Every workplace has its culture — whether a for-profit business, non-profit organization, government agency, or any other type of employer. For organizations with multiple units or locations, culture can sometimes even differ from team to team or site to site.
What’s important is for employers to keep tabs on culture and use its distinctive aspects to drive productivity while reducing inherent risks. So, how do you identify your culture? One way is to use the Organizational Culture Assessment Instrument, a tool devised by University of Michigan professors Robert Quinn and Kim Cameron a couple decades ago. It defines four common types of cultures:
1. Clan: These are generally friendly environments where employees feel like family. Clan cultures emphasize teamwork and consensus. Such organizations often have a horizontal structure with few barriers between staff and leaders, who act more as mentors than bosses. As a result, employees tend to be highly engaged and loyal.
For these employers, success is usually defined as effectively serving a relatively small customer base and caring for staff. Clan culture is frequently seen in start-ups and small employers with ‘legacy’ staffs. Some physician practices, private educational institutions, and non-profits can exhibit characteristics of clan culture as well.
2. Adhocracy: Adhocracies are dynamic, entrepreneurial, and creative places where employees are encouraged to take risks, and founders are often seen as innovators. These employers are committed to experimentation and encourage individual initiative — with the long-term goal of growing and acquiring new resources.
For adhocracies, success is typically defined by the consistent rollout of new products or services. Think about the many tech companies that strive to anticipate user needs, launch innovative solutions, ‘disrupt’ the norm, and establish new standards of functionality in certain industries or daily life.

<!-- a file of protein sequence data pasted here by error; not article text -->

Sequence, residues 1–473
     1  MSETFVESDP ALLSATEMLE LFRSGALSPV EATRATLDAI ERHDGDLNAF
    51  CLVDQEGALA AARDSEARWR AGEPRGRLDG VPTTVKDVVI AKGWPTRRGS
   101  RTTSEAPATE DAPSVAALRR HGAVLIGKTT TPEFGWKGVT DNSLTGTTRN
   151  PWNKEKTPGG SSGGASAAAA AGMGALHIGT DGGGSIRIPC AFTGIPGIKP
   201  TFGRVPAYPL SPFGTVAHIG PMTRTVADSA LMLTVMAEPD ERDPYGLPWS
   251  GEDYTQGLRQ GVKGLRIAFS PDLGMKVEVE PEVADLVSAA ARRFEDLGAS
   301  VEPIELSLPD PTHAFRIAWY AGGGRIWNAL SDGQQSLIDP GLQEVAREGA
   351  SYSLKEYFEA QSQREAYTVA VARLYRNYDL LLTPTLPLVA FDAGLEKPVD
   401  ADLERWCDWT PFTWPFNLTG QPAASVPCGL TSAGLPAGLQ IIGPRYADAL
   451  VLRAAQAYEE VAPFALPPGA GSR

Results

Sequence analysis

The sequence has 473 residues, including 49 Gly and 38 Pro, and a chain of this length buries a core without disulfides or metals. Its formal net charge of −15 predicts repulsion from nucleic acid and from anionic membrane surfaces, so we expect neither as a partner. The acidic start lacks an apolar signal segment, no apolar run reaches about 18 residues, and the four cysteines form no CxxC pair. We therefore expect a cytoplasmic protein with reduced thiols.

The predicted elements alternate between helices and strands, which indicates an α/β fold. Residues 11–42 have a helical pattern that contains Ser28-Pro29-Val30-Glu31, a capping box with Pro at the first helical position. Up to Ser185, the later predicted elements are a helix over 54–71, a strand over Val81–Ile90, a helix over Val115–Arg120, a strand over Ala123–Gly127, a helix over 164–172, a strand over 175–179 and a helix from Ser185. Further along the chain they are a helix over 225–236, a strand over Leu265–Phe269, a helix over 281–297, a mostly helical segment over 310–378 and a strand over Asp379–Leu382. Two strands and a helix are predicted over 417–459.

3. Market: These cultures are results-driven and competitive, emphasizing the achievement of measurable goals and targets. They value reputation and success in their industry or niche foremost.
Employees are goal-oriented while leaders tend to be hard drivers and producers. Market share and metrics are the hallmarks of success, and competitive pricing and industry domination are important. Professional services organizations — such as CPA, law, and consulting firms — tend to have market cultures.
4. Hierarchy: These employers have formal, structured work environments where processes and procedures dictate what employees do. Smooth functioning is critical. Hierarchical organizations strive for stability and efficient execution of tasks, as well as low costs.
Leaders seek to achieve maximum efficiency and consistency in their respective departments. Hierarchies are common in bigger government agencies or branches of the military, manufacturers, banks, and insurers.
Of course, there’s no rule that any employer must conform to one of these culture types. In fact, most organizations tend to exhibit a mixture of the four styles, though one of the types is likely dominant.
As mentioned, a good objective for any employer is to regularly assess its culture and determine whether leadership or policy changes are needed to boost productivity or prevent risks such as employment lawsuits or a drop in employee retention. We can assist you in measuring productivity and identifying high employment costs that could be related to your culture or other aspects of your operation.